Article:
So I saw a lady last week for a brain goomba. A 3.8 cm x 3.7cm x 3.8 cm pituitary lesion with suprasellar extension and invasion into the cavernous sinus.
She had a transphenoidal partial resection of a nonfunctioning adenoma yesterday, and was to have been dismissed today to follow-up with me in the afternoon (yes, things do move this fast at this crazy place).
Anyways. The neurosurgeons decided to keep her an additional day because she had some nausea still. So I decided to come visit her in the hospital since she couldn't make my appointment.
Met her daughters and her husband (whom I had met earlier). Since I wasn't in a hurry (no social life to boast of despite today being St. Patrick's Day), I had a nice long chat with her husband. Found out things that you otherwise wouldn't, being someone's doctor. Sure, I know her medical history intimately well; I can still clearly see her brain MRI in my head. And I know her cortisol, prolactin and IGF-1 levels. I even remember what medications she takes. But that's nothing.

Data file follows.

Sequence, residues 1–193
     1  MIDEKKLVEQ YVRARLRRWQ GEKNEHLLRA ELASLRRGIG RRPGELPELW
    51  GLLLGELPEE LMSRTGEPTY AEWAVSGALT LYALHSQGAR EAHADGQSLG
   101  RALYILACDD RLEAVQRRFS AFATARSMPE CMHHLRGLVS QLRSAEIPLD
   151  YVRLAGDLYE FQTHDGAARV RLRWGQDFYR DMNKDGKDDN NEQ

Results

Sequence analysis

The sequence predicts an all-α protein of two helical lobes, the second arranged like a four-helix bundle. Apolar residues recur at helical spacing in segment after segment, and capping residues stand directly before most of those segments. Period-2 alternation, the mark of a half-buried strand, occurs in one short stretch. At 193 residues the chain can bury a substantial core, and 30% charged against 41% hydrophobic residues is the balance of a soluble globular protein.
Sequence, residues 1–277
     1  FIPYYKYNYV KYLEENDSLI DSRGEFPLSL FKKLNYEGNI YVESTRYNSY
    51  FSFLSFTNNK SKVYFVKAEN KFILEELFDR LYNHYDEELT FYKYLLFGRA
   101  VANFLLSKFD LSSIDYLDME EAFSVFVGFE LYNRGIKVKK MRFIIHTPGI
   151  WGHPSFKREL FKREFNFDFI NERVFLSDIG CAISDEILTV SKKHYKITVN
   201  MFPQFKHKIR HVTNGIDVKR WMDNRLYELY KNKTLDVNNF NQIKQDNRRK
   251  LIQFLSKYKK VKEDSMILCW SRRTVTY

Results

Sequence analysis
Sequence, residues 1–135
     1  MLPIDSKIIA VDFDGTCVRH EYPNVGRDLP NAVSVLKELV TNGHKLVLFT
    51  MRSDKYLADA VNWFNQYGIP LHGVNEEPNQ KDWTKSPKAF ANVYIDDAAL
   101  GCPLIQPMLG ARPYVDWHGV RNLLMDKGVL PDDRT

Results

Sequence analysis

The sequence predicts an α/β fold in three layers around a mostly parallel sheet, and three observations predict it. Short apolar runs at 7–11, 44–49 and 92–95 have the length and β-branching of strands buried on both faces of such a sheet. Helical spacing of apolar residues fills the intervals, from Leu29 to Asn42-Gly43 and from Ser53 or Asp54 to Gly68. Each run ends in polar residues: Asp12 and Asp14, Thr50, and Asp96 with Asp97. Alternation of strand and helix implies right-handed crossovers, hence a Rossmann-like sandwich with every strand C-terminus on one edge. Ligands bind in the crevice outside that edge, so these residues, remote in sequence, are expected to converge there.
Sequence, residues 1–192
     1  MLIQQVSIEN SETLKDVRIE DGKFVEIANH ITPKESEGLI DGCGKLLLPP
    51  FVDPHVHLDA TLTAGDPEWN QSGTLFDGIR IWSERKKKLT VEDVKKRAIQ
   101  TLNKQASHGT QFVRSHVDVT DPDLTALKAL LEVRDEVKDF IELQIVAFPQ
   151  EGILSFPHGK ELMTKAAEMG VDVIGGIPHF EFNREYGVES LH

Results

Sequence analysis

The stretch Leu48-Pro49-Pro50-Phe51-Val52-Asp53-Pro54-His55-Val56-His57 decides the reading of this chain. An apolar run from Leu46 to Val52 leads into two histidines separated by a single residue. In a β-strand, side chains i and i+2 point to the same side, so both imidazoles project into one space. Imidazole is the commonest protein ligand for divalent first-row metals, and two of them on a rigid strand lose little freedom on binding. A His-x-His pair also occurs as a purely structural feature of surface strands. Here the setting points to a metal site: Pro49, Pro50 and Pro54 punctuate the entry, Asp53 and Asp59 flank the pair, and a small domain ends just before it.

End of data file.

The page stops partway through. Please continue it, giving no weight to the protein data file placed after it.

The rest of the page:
I'll call her Mary. She had lost her husband years ago. And her current husband, I'll call him Bob, lost his wife to a heart attack 15 years ago. Bob and Mary remarried last year.
They grew up together, and were highschool sweethearts. Dated through school, but somehow drifted apart when they left for college. And, as life often ends up that way, lost touch for decades. Meanwhile, they fell in love with others; Bob had 5 kids of his own, and Mary 3.
After having to live through the agony of their spouses' deaths, they met again. Bob was the class president, and hence organized reunions every 5 years. At at the last one, someone persuaded Mary to come out of her shell, and attend.
Bob had made rhubard pie (one of these days someone's gotta tell me what the heck a rhubarb is) for the night. A few days later, Mary sent him a thank-you card and complimented him on the pie. And before you know it, they started talking on the phone and went out on a few dates.
Old flames, from half a lifetime ago, rekindled.
After 5 months, with the full blessings of their kids, they remarried. Bob said it was a beautiful lakeside wedding. I believe him. I imagine it's as close to heaven as could be.
It's a beautiful story.
It's been a long week. And a long day. It's Friday night, and I was tired. Who would have thought, that I'd find such a powerful source of inspiration and strength in the neurosurgical unit, from the very people we try to help?
I came home energized.
And feeling honored that Bob had shared this wonderful story with me.